Having a well-drafted contract is one of the most important acts you can take to minimize your risks on a building project. As such, you should consider including a waiver of liability for consequential and punitive damages in your next contract. The importance of an enforceable waiver for consequential and punitive damages is hard to overstate, since these types of damages can be hard to define and may result in large and unexpected claims. In a recent case, the South Carolina Supreme Court held that a liability waiver for punitive damages was enforceable and provided guidance on drafting enforceable liability waivers.
In Maybank v. BB&T, the South Carolina Supreme Court held that a liability limitation clause barred punitive damages. However, the Supreme Court warned that liability waivers are disfavored, may be unenforceable in certain situations and will be strictly construed against the drafter. The Court also stated that liability waivers may be unenforceable if they are unconscionable, violate public policy or if the party seeking enforcement has committed fraud.
In Maybank, a sophisticated investor (Maybank) contracted with BB&T for investment and wealth management services. After his investment strategy soured, Maybank sued BB&T for faulty investment advice. The contract between Maybank and BB&T had a limited liability provision, which provided:
Bank and Investment Advisor shall not be liable with respect to their services under this Agreement except for any loss attributable to their negligence or willful misconduct. In no event shall Bank or Investment Advisor be liable for any incidental, indirect, special, consequential or punitive damages.
A jury found for Maybank and awarded $3,100,000 in actual damages, $5,000,000 in punitive damages and granted Maybank’s motion to treble (triple) the actual damages from $3,100,000 to $9,300,000. The trial court also awarded Maybank attorney’s fees and costs of $2,899,306 for a total judgment of $17,199,306.
The South Carolina Supreme Court held that the limited liability provision was enforceable and barred the award of punitive damages. The Court considered its preference against allowing a large corporation to contractually insulate itself from liability, but declined to void the provision because Maybank was not an “ordinary investor” and had an “extensive history as a trust advisor.” The Court also determined that the liability waiver provision did not violate public policy nor was it unconscionable. The Court stressed that the liability waiver did not deprive Maybank of all damages arising under the contract, but merely limited the type of damages he could seek – in this case, punitive, consequential, indirect or special damages. However, despite enforcing the limited liability provision, the Court indicated a real willingness to refuse enforcement of such provisions if poorly drafted or overly broad.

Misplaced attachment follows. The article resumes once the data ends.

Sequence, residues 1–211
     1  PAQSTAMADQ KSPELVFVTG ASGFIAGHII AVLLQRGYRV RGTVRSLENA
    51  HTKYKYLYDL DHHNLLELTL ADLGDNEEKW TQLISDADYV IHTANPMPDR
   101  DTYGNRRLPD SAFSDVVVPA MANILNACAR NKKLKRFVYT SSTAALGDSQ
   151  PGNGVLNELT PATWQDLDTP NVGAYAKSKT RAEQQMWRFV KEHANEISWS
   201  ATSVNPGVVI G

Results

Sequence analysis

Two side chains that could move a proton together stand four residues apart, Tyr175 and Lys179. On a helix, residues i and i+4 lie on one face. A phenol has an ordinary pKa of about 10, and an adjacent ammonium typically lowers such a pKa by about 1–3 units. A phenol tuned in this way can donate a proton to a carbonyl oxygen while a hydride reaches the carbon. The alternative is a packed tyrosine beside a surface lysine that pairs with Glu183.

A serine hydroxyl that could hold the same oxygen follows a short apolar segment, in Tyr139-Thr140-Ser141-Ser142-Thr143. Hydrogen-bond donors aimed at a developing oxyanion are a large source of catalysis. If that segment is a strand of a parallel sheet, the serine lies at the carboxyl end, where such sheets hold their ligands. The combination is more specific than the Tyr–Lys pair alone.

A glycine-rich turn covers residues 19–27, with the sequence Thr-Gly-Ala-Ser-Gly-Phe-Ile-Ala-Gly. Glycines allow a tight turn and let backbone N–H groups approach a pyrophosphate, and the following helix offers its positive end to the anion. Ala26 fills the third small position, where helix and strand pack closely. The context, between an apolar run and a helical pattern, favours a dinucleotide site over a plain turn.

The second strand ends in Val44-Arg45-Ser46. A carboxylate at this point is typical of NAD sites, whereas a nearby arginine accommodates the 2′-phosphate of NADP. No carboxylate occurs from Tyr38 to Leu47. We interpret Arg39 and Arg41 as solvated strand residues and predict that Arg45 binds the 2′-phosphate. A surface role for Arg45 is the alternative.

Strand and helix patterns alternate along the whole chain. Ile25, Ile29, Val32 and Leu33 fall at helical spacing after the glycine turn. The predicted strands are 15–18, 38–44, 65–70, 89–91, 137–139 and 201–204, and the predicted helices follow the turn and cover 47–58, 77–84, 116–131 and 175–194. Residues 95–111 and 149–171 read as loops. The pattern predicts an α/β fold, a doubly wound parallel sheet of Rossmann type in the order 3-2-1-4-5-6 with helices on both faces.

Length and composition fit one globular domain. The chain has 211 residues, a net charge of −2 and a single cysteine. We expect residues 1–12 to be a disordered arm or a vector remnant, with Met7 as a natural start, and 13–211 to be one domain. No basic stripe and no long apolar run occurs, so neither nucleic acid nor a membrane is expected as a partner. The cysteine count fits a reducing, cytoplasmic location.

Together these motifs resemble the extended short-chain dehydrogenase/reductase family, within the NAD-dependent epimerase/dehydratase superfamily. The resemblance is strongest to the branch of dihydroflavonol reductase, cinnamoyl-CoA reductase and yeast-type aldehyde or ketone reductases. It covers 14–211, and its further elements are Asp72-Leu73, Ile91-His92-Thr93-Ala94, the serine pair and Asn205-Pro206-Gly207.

For construction professionals in South Carolina, the lesson from Maybank is to include a limited liability clause — incorporating waiver of consequential and punitive damages — in all contracts, because these contractual damages limitations can be enforceable.
An effective limited liability clause should be drafted precisely and carefully to avoid pitfalls that may prevent enforcement. Construction professionals should keep in mind the below tips and considerations. An effective limited liability clause should:
- Use clear and unambiguous language.
- Be specific. It should state precisely what type of damages the party agrees to waive.
- Be conspicuous. It should not be buried in the contract or written in small font. It should be in bold print, preferably underlined and in all caps.
- Limited in scope. A provision that purports to waive all damages or statutory claims may be unenforceable.
If you have any questions about limited liability clauses or other design and construction topics, we would be glad to help you. The attorneys of Gibbes Burton are passionate about helping professionals and businesses to minimize risk and build success.